Friday, 30 October 2009


In both the Westminster Parliament and the US Congress (and all legislative bodies) - time matters! Time is required for legislative proposals to be discussed and developed. Holding to account those who exercise power requires time for questions to be put and answered. If matters of concern to the nation and pressing issues affecting citizens are to be discussed then time is needed. For this reason the allocation of time is one of the most hotly contested issues in both legislatures.

In the House of Commons Standing Order 14 (full S.O.s here) Government business has precedence at all time, save for the exceptions set out. (Opposition Days; Private Members' Time). The use of Programme Motions (SOs 83A-I) gives great power to the Government to get its business through.

The allocation of time in the House of Lords is negotiated through the "usual channels" (usually the party whips, but the term can have a wider meaning which includes other leadership posts and representatives of the Crossbenchers). Peer pressure (pun intended) generally keeps business ticking over (and restrain those who would talk too much) - though carefully laid plans can be easily derailed.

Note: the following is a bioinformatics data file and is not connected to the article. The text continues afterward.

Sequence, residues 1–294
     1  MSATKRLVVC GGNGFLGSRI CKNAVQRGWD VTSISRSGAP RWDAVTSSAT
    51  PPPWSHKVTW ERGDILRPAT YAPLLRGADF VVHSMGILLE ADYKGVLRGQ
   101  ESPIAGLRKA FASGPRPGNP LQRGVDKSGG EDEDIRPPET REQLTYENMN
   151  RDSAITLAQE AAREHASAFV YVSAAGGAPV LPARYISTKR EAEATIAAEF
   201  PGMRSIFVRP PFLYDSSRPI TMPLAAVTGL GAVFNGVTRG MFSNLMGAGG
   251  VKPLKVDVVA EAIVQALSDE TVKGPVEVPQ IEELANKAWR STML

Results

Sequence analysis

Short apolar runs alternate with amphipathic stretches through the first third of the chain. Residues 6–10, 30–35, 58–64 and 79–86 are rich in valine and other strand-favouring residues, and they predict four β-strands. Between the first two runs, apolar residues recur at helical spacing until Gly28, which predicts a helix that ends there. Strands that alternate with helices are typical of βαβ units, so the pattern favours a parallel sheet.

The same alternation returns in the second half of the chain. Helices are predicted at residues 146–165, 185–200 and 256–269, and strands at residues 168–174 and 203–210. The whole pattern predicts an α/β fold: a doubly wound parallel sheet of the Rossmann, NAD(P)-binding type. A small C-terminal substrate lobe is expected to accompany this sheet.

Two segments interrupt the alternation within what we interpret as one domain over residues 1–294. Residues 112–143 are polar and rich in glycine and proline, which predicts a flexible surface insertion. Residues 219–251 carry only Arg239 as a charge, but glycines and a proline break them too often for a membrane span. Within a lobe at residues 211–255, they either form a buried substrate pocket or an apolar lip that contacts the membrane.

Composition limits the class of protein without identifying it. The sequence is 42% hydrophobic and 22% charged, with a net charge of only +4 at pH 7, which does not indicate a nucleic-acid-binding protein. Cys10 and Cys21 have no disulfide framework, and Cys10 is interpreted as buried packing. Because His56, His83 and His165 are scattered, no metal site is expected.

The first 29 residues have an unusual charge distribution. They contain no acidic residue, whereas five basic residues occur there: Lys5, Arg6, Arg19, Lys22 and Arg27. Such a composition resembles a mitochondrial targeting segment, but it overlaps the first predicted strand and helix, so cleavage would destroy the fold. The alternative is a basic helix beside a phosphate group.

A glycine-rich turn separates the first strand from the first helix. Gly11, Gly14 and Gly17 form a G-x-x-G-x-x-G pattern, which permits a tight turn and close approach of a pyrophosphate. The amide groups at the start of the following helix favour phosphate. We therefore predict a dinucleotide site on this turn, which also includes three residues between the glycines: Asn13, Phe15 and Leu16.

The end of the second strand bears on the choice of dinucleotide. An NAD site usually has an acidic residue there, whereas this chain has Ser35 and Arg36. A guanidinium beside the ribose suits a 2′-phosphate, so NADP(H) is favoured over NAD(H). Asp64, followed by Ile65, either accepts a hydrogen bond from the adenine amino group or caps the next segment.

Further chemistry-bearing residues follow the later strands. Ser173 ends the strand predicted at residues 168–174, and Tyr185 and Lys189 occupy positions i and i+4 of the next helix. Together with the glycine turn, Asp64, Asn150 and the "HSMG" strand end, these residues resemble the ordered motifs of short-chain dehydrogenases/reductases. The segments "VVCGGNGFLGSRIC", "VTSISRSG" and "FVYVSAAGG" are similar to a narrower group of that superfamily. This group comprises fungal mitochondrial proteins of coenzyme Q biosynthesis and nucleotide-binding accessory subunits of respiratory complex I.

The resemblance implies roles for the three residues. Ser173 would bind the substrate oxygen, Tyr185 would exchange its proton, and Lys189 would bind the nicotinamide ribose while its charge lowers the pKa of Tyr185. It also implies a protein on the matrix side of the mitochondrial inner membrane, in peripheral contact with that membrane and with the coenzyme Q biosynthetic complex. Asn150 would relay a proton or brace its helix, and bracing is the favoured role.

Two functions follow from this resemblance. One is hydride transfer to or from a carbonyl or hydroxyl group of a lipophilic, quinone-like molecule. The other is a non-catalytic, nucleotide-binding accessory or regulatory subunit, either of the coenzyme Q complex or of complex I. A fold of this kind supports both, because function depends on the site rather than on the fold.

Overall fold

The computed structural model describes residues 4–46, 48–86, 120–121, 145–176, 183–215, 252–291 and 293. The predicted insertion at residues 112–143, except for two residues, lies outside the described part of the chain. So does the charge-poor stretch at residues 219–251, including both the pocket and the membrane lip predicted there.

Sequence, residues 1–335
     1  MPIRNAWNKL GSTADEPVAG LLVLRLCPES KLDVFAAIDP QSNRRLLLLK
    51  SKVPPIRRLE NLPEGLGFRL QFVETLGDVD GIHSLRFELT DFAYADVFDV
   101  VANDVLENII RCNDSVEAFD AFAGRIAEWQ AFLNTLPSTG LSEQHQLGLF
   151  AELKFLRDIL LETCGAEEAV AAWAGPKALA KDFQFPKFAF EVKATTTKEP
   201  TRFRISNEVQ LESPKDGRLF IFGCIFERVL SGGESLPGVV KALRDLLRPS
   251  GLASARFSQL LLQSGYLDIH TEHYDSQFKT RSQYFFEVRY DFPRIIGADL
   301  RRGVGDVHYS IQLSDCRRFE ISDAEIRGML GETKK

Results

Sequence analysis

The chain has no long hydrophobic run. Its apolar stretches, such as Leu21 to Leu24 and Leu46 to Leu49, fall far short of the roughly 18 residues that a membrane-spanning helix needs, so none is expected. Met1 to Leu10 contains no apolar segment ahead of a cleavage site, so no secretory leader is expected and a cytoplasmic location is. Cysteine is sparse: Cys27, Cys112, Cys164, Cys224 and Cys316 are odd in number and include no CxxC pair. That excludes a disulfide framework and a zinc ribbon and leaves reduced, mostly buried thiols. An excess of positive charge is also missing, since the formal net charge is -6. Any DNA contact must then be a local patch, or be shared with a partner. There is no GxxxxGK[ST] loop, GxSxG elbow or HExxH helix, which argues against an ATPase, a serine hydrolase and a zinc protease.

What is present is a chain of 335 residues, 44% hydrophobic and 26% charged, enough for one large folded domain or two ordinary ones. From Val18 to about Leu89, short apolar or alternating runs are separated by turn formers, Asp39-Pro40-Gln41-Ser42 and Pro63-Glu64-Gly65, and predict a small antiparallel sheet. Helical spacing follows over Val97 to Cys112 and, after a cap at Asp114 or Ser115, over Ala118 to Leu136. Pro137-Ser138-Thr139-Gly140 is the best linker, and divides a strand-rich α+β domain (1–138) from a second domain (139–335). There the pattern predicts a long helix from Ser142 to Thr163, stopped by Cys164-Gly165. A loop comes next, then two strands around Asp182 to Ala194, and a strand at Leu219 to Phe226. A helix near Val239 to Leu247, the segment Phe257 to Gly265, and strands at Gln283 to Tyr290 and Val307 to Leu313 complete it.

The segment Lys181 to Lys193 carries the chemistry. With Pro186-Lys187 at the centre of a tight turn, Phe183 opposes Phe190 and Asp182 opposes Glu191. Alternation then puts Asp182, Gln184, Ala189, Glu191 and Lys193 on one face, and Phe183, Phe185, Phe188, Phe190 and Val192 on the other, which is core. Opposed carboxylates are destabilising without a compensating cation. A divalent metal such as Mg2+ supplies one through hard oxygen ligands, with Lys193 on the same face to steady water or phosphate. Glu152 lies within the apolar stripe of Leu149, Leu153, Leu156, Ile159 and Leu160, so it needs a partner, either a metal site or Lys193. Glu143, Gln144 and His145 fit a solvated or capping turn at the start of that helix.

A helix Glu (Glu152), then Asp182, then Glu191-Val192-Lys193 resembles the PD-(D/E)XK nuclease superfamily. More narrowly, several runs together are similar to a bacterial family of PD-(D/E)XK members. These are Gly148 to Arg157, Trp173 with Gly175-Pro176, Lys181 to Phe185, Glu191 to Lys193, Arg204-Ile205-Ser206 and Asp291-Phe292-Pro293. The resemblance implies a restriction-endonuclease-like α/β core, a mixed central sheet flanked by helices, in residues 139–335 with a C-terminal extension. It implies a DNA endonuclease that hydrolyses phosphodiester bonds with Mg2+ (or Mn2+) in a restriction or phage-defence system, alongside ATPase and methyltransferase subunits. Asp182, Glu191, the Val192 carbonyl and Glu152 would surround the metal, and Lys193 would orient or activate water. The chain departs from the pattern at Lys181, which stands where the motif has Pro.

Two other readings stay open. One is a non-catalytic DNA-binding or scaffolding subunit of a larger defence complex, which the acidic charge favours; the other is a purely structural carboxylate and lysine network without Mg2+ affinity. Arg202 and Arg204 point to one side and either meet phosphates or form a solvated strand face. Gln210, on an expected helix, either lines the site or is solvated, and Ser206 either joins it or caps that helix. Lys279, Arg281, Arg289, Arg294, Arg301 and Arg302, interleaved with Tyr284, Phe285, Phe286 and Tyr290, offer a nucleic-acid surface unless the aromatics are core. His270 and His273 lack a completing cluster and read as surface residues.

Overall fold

The majority in the House of Representatives enjoys considerable advantages in controlling time and the flow of business. The Rules Committee - which can issue "Special Rules" allocating and restricting time (and potential amendments) on particular bills and resolutions - plays a key role.

In the Senate the majority has a harder time controlling the flow of business. While the "cloture" rule (only introduced in 1917) can defeat a filibuster - the need for 60 votes, plus the time for the cloture procedure to run its course gives a headache for the Majority Leader (or any Senator seeking to get legislation passed).

In all Houses methods have been developed which minorities can use to 'hijack' time or slow down the majority. These range from the filibuster to "points of order". Each House has its own procedures and practices both to slow (and even stop) business and to get business through. Some of these will be considered in future Washminster posts.